Should Your Crypto Startup Accept Venture Capital

Should your crypto startup accept venture capital funding? It’s a simple question, but one laced with a web of considerations. The best ideas can’t be realized on a shoestring: the money to form a team, develop a proof of concept, and bring a consumer-ready product to market has to come from somewhere.

If not from VCs, where? Most founders don’t have pockets deep enough to self-fund, while public token sales are dependent on two things: a token and a product the mass market can get behind. That instantly rules out a significant proportion of all projects including B2B, most middleware, and those that lack an onchain component altogether such as crypto marketing or apparel.

Deciding whether to take the VC pill or shun it altogether is one of the toughest decisions a startup will face. Whatever their choice, it’s one that will have lasting ramifications.

To VC or Not to VC?

While 2022 will go down as a bad year for crypto, with every meaningful industry benchmark a fraction of its 2021 high, venture capital still flowed. The Block reports $31 billion of industry investment last year, $8B of which went into NFTs and GameFi. The report also claims that 78% of all blockchain venture funding occurred within the last two years. It’s clear that for a significant proportion of crypto projects, accepting venture funding was never in question. Not all web3 startups have followed that well-trodden route however.

Peer is a blockchain and metaverse company working at the convergence of mixed reality and spatial computing. It proposes using AR to embed digital objects into physical spaces, allowing NFTs to be “buried” anywhere in the real world. It’s not just Peer’s tech that’s novel, however: so’s its funding route.

Founder Tony Tran was able to cover the initial costs himself before raising $14M via a private sale of Peer’s L1 coin, PMC, to friends and family. This was done via a Reg D offering to meet the SEC’s filing requirements. While this approach has proven successful for Peer, which is following its private round with a public token sale, not all founders have the fortune of an inner circle of HNW individuals.

Given the choice between accepting VC funding and abandoning the project, picking the former is a no-brainer. The trick is in determining how much of your company to give away – and to whom.

Know Your Venture Capitalists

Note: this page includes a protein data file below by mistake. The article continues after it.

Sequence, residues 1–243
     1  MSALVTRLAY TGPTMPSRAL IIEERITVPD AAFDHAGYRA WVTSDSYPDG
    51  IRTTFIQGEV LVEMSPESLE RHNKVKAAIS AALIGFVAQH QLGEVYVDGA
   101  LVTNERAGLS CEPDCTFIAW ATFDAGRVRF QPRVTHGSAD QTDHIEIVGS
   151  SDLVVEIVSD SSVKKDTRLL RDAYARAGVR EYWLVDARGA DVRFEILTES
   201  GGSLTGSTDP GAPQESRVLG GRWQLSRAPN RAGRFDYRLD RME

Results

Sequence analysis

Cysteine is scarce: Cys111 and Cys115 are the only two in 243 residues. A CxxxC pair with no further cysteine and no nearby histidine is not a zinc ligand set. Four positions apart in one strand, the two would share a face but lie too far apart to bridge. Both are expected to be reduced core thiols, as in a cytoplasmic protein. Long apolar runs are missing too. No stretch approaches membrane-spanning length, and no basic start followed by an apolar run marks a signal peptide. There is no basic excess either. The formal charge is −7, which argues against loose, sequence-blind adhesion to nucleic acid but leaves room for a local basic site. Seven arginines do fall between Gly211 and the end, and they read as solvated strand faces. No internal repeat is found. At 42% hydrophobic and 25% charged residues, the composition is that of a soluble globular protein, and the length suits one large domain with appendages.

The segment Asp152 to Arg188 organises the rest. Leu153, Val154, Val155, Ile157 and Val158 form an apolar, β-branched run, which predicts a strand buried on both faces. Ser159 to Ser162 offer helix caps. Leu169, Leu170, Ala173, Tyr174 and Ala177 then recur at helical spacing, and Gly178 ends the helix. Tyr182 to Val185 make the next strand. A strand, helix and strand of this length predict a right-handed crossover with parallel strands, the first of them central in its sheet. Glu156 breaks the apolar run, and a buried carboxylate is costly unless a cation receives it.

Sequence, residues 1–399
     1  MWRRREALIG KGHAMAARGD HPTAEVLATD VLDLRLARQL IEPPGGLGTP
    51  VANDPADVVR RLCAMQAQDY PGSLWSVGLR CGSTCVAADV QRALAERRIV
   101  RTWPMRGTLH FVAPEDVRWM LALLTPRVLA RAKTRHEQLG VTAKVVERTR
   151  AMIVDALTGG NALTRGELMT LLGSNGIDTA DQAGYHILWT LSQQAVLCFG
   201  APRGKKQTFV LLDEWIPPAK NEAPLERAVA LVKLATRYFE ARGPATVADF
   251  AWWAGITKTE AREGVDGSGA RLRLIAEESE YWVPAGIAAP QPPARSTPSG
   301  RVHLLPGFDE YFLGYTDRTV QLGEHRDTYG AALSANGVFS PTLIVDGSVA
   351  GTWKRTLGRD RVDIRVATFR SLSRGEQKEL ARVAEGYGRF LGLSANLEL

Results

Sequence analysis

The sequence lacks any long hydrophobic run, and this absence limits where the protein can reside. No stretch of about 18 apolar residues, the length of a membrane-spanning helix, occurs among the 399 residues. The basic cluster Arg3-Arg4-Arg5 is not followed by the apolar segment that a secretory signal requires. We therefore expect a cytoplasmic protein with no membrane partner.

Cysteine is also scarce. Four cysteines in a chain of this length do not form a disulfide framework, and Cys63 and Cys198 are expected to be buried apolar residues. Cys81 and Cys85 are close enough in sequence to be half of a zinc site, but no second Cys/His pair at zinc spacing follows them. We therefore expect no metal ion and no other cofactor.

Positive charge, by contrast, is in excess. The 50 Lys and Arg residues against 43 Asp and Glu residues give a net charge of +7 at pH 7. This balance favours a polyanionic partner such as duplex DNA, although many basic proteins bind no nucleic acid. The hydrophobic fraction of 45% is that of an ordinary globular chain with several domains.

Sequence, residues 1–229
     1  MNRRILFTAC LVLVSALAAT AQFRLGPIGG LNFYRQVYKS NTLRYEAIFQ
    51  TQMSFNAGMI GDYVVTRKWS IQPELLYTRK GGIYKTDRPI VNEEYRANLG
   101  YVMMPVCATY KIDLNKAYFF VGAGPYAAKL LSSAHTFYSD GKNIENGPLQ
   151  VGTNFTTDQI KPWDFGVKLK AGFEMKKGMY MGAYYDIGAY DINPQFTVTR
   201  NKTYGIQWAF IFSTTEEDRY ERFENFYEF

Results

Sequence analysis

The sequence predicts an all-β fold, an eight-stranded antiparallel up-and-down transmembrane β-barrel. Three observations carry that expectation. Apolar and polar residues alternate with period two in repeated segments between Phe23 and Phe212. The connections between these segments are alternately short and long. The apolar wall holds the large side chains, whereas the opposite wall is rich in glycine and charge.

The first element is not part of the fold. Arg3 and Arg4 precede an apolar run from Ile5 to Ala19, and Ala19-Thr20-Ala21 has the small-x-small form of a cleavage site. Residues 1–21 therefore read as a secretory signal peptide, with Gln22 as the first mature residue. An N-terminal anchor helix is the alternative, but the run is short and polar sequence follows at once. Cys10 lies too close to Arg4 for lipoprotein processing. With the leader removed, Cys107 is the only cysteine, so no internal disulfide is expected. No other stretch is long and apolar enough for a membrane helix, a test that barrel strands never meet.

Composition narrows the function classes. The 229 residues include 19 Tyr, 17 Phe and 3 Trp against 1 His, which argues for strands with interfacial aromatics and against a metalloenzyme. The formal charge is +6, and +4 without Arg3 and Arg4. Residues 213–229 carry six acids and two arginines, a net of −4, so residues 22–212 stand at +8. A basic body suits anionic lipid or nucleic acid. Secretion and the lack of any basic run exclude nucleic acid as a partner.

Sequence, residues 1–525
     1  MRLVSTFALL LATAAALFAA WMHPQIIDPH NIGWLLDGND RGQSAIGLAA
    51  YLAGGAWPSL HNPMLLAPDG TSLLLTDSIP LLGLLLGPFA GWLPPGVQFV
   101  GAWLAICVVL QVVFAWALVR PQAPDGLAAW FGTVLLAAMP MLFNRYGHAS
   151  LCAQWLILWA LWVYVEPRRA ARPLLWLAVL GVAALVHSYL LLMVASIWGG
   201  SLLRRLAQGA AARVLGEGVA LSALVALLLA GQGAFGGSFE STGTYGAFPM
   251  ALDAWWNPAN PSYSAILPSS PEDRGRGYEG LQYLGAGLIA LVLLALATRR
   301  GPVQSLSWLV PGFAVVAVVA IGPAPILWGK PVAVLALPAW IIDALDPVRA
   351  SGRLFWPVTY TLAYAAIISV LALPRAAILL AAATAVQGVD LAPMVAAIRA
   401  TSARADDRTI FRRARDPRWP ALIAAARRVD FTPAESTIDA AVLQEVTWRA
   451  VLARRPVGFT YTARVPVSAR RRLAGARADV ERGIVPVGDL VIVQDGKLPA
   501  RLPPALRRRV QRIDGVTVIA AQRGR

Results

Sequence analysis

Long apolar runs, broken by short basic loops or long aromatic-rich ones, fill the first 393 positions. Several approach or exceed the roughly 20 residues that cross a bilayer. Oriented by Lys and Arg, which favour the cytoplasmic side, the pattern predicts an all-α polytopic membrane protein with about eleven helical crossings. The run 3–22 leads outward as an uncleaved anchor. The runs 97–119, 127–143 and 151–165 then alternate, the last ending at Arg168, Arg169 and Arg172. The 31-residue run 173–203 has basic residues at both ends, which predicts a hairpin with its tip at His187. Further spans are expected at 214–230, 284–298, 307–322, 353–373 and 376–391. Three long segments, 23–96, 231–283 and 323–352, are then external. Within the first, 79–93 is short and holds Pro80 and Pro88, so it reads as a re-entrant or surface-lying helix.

VCs are meant to be in it for the long haul. When they’re accepting equity, they have little choice but to support the companies they’ve funded until the time comes to exit, which could arrive years down the line – if ever. When accepting tokens, however, as is often the case with crypto startups, VCs are only bound by the lock-up period. When venture capital firms are aligned with the startup’s goals, they have little interest in market dumping their allocation at the earliest opportunity. But when the entire market heads south, as was the case last year, less scrupulous VCs are prone to selling everything they can get their hands on.

Dumping on retail isn’t the only crime VCs stand accused of; they can also impair a project by being too overbearing. There’s a fine line between incubating a startup and throttling it. When a lead investor shares your vision, and works with you to realize it, it can feel more like a partnership; conversely, when VCs attempt to micro-manage or steer the ship, it can suck the life out of a project.

So what’s the solution? If you can’t bring your product to market without millions of dollars, venture capital is almost inevitable. That’s assuming your concept is good enough to whet their appetite of course; during bear markets, VCs become understandably picky about the checks they write.

While not every startup can attract a16z, they can weed out the firms that are only in it for a quick flip. Study the landscape, talk to other teams who obtained private funding, and learn from their experience, be it good or bad. VCs often get a bet rep, with Cobie claiming that they “basically do nothing post-cash. They give no feedback, don’t participate in governance, don’t even talk to the project founders after the round is closed.”

The reality is more nuanced. Just as VCs are compelled to invest wisely, startups should accept investment wisely. VCs can be the lifeblood of a new venture. Pick the right venture capitalists and everything that follows next should fall into place.